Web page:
An increasing demand for emergency medical service (EMS) responses is noticeable in many developed countries.1–4 The demand is highest with people aged over 65, and exponentially grows with increasing age.4–7 These elderly people need to get appropriate care after ambulance attendance, and this may not always be referral to a hospital’s emergency department (ED).
If EMS staff decide that ED attendance is not necessary, the patient can be left at home or referred to another healthcare facility.
Key Factors That Influence the Buying Decisions of Consumers
The possibilities vary by country, and their use is influenced by protocols, protocol adherence and alternative pathways.8–12 Both the increase in numbers of older people and the demand for EMS set challenges for future patient safety and providing the best possible healthcare.13
Non-conveyance after an emergency ambulance response is an increasing trend in many West-European countries.14 15 Non-conveyance can partly be attributed to patient refusals, minor injuries that are easy to handle and the death of patients.
Incorrect decisions by EMS staff on not to convey patients to the ED can lead to health-threatening situations and even to death.16–19 Referral to the ED may result in overcrowding and, especially for the elderly population, is associated with higher mortality, delays in receiving critical therapy, patient dissatisfaction, iatrogenic illness, functional decline and adverse events during care.20–25 Correct conveyance decision-making by ambulance staff is therefore relevant, but also very complex due to the many influencing factors.26 27 Further, national protocols do not always provide adequate guidance to EMS staff in making conveyance decisions, and guidelines and protocols are not always followed.12 19 28 29 Reasons for non-adherence to protocols are attributed to the individual professional, the organisation, external factors and protocol characteristics (Grol, cited in Ebben et al).30 Due to the large variety in situations, EMS staff often have to rely on their own professional judgement.
Factors such as the use of guidelines and protocols, patient preferences, experience of EMS staff, time aspects and the presence of carers can influence ambulance staff when deciding whether to take a patient to the ED.31
Whether EMS staff can adequately determine the medical necessity for an ED evaluation is not easy to define and to measure.
A systematic review and meta-analysis showed that there is insufficient evidence to support paramedics determining the medical necessity for ambulance transport.32 A retrospective analysis of ED data showed that 7.1% of patients aged 75+ taken there by ambulance were considered as non-urgent, with the largest number of non-urgent conveyances following falls.33 Currently, researchers are focusing on adequate, community-based, alternative referrals by EMS staff for older people who have fallen.34 35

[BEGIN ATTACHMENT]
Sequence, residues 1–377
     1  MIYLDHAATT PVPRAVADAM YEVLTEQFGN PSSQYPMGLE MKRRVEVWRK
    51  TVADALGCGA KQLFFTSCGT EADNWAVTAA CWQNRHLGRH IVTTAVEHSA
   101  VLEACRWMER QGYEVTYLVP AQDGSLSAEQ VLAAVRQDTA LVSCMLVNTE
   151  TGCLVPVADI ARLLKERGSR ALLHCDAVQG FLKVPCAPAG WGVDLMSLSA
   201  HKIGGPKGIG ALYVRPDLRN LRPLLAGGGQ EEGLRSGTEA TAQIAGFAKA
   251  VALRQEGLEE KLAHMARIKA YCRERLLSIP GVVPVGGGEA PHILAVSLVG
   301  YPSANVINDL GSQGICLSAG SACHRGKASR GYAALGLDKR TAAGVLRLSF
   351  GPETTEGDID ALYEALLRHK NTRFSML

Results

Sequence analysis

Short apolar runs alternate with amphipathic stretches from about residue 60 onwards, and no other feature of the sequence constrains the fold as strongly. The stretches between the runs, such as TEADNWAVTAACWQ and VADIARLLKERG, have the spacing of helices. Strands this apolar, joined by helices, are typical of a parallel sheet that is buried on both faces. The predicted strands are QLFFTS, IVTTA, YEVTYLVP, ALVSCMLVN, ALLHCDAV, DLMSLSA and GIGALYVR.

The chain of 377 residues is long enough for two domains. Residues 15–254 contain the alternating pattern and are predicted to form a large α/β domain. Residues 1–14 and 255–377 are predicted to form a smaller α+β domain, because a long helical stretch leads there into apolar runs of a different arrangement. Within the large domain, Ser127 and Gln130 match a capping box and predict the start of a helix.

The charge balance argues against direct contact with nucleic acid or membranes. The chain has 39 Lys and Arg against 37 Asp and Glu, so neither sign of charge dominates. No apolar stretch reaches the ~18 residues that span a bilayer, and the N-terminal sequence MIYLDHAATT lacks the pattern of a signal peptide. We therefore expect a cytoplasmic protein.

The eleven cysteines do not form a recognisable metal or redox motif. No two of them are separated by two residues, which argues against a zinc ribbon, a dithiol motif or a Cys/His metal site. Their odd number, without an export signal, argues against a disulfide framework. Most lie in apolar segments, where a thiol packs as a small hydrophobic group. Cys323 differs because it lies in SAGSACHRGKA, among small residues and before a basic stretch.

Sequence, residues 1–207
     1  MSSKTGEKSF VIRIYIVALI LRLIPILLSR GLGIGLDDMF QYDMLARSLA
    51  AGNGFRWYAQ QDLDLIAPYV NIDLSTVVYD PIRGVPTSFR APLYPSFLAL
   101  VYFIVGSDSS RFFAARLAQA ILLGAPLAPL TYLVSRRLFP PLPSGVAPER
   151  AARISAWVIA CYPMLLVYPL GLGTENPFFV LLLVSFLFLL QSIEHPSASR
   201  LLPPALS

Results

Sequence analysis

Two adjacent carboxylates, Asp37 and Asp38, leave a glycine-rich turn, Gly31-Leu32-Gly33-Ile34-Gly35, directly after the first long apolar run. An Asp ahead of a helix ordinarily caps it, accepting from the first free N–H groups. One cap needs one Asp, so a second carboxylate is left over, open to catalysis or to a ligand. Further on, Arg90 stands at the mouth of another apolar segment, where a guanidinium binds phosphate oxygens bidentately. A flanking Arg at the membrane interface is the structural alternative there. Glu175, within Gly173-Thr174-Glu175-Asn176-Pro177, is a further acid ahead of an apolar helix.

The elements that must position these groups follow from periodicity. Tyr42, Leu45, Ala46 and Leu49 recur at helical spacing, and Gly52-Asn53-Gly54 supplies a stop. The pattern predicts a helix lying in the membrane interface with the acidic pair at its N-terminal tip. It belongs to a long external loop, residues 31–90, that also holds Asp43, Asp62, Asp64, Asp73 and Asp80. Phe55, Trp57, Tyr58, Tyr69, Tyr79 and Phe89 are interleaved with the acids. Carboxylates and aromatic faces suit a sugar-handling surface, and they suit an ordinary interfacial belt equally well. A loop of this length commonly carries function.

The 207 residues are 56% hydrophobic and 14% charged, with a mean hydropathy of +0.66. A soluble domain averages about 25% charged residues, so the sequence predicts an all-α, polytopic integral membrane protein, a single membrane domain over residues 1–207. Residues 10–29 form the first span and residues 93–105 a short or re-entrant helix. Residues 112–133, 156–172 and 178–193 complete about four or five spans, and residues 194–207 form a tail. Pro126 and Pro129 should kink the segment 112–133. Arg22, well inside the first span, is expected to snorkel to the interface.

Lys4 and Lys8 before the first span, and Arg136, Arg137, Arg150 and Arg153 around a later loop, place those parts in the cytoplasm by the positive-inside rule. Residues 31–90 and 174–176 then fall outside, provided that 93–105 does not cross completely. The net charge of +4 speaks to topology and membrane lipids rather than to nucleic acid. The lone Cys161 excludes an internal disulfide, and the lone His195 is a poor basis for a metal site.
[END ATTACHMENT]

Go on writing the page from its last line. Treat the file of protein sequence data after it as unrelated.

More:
National protocols can guide EMS staff in making a decision over the conveyance or non-conveyance of an elderly person after an emergency ambulance call, but these protocols cannot cover the full scope of practice.
Other factors also influence the conveyance decision-making process in which negotiation or joint decision-making between EMS staff, the patient and sometimes their family in deciding what is best for the patient can also play a pivotal role.19 36 37 In the future, the growing ageing population will have major consequences for the utilisation of EMS and so the conveyance decision, to the ED or elsewhere, after emergency ambulance attendance is of growing importance.
Insight into factors that influence this conveyance decision-making is especially important for the population of elderly because avoidable admissions may result in functional decline, iatrogenic illness, adverse events, ED overcrowding, excessive interventions and high healthcare costs.38 To increase knowledge about factors that may influence the conveyance decision for the specific group of elderly vulnerable people, after EMS attendance, there is a need for a full overview of these factors and the impact of the decision.
The aim of this study is to provide an overview of those factors that influence the decision whether or not to convey an elderly person to the ED after ambulance attendance and the outcomes of such decisions.
The findings will be summarised in a conceptual framework and are intended to inform practice, policy-makers and future researchers.
They can also serve as a basis for developing future EMS conveyance decision-making guidelines for vulnerable elderly people, where special attention is paid to minimising the risk of inappropriate conveyance and use of EMS and ED resources, adverse outcomes and medical legal consequences.